Is it ok to think like that?

Is it ok to live in Malta and dream about UFO’s being real?

Sometimes, just before I go to bed, I have a vision. They find me dead, in my arms a half-drunk seventy-five dollar bottle of Cab, eight porno mags, and a Black Uhuru Greatest Hits CD. My toxicology report is the saddest ever written.

It is in the Smithsonian now.

Right now though I am really worried about my life. That it’s changed somehow, in a deeper way that is difficult to measure. My wife and I used to look at life and laugh, feeling confident in a general sense that is impossible to appreciate until it is gone or warped into something different, something less confident. When we were together I sometimes had “fake heart-attacks.” This is where your heart clenches up on you, as if a french fry had gotten terribly tangled in one of your arteries and so you then proceed to breathe real easy, quietly telling yourself that you aren’t going to die like this, in a T-shirt with an iron-on of you and a fraternity brother riding the “tallest roller coaster in North America.”

“Breathe easy,” my wife would say. “Slow breaths, baby.”

Sometimes I would see bright flashes of my childhood. My father’s Budweiser swim trunks. How I eclipsed the moon with my thumb. The time I accidentally hit my sister with part of a brick, pretending I was an artillery commander in a forward-area of our backyard.

Life is not living up to its potential somehow.

Go to work, take pills, come home, watch the news, drink, repeat?

One morning, back when I had a “serious job,” while attempting to hide a bottle of high-powered muscle relaxants in my Roladex, I found something on the Internet. It was a grainy image of some Zapatista foot soldiers. There were four of them. They had rifles and an SUV parked next to a cliff overlooking a valley the color of jade and ripe bananas. The caption under the photograph read, “Commander Guerrero oversees ‘controlled zone’ last November.”

I think I wanted to be like them, but I didn’t know how.

At the beginning of our relationship my wife would always rub my back with affectionate concern. She would say, “Hey there baby—breathe.” Then she would do a little made up dance that was maybe samba-like, or flash her medium-sized breasts, laughing.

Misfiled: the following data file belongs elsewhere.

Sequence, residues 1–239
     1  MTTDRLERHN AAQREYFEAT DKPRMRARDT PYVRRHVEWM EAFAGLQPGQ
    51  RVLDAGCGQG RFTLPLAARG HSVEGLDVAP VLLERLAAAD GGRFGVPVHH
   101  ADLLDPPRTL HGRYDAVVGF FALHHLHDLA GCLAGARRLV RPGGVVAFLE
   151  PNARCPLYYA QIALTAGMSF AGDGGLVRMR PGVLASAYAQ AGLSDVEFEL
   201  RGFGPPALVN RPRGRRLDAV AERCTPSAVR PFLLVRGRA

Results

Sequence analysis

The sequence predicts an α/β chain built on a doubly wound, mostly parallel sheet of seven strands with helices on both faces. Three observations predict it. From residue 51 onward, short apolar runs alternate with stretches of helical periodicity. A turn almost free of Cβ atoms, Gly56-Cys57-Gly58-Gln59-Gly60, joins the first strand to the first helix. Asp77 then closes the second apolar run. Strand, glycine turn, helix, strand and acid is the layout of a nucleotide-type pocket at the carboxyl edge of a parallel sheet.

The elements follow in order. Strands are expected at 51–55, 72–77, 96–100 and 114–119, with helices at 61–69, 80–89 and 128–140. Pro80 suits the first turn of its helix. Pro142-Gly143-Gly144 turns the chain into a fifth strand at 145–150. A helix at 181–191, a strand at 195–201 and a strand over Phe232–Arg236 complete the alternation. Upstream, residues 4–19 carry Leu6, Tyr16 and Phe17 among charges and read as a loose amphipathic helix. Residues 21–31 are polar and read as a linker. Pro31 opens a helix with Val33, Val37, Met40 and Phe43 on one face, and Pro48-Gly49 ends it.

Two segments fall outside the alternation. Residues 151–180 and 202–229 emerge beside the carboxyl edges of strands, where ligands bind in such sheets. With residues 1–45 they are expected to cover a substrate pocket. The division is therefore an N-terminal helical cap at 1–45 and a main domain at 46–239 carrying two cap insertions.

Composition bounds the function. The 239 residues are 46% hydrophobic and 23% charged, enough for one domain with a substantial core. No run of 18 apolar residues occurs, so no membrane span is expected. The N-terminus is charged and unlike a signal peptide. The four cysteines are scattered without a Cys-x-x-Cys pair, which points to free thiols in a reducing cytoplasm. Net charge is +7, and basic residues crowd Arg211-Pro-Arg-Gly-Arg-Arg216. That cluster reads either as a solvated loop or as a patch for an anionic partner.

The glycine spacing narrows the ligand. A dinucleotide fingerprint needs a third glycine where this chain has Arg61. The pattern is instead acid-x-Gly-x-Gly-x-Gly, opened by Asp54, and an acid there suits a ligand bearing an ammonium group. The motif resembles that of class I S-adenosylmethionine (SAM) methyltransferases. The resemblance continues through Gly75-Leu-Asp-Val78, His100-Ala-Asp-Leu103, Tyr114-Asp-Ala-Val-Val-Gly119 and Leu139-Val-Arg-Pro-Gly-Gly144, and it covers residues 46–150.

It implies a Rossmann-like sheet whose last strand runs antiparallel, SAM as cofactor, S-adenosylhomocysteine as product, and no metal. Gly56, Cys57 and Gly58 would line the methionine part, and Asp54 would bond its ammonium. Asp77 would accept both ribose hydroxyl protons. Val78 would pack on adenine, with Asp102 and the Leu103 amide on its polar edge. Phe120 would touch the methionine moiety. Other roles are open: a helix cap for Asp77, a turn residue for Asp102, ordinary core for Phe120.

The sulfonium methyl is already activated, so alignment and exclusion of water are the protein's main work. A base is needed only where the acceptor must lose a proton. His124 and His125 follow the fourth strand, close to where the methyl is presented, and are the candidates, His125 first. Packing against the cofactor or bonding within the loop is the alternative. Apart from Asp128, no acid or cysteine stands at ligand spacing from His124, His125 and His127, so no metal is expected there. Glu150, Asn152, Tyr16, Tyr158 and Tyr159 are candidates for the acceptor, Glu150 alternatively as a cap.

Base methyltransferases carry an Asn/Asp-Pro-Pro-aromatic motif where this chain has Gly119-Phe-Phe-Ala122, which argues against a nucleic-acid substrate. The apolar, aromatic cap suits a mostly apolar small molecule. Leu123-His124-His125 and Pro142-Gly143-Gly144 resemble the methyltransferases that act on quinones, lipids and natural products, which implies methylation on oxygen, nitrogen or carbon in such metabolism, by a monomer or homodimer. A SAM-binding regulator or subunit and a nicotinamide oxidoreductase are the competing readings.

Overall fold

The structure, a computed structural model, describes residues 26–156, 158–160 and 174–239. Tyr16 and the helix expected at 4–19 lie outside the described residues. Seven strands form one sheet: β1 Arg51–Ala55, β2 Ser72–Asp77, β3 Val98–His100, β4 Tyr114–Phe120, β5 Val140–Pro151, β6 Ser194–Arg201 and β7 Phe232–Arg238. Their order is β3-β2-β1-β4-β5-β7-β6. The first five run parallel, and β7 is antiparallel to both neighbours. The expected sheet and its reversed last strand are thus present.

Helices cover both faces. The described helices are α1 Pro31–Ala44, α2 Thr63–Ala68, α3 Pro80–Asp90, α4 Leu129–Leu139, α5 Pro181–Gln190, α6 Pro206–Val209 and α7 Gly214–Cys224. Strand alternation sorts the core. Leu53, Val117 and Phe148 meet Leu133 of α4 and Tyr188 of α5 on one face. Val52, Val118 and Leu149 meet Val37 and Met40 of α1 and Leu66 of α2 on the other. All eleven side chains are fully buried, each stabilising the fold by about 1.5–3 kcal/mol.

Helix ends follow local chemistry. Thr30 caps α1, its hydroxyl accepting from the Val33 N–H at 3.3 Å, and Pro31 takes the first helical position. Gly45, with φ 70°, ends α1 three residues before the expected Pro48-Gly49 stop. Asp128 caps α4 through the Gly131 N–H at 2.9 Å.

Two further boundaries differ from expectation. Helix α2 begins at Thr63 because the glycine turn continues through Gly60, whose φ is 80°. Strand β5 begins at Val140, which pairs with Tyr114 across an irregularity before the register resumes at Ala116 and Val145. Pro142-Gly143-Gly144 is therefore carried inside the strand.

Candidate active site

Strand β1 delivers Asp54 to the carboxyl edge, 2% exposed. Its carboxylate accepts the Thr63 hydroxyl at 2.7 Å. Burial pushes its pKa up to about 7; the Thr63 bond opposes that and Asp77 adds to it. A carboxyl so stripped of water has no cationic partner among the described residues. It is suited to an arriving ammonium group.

I park my rental car and start walking around Brooklyn.

I am in Little Yemen.

Sometimes when I’m doing things like walking down a street in Little Yemen I think of how my wife’s face looked when I told her about the things that happened in the mud. It was a look I had never seen before in real life or in the movies. For weeks the first thing I thought about in the morning was that face. Sometimes faces say things better than anything else. I remember feeling embarrassed and wanting to kill myself—lighting myself on fire then walking into the middle of a wedding, saying nothing as I cut into the wedding cake, my death-flames licking a nearby flower arrangement. Somehow this is what I should have done without questioning it. It feels better. One time I bought a Christmas tree by myself. A man coming out of Red Lobster with his family jokingly said something about being lonely on the holidays so I punched him in the throat.

“You want this to happen in front of your family?” I said.

“Fuck you,” the man said, sort of wheezing.

“Fuck you, too,” I said.

After fighting, my wife and I always went into different rooms. For one three month period we were nonstop fighting for some reason. We could feel each other’s anger seep through the walls like badly grating music. “When we have children we have to be better,” my wife would say earnestly during foreplay three months later. I nodded, gently whapping my engorged wang against her cheek, saying “oh yeah oh yeah.”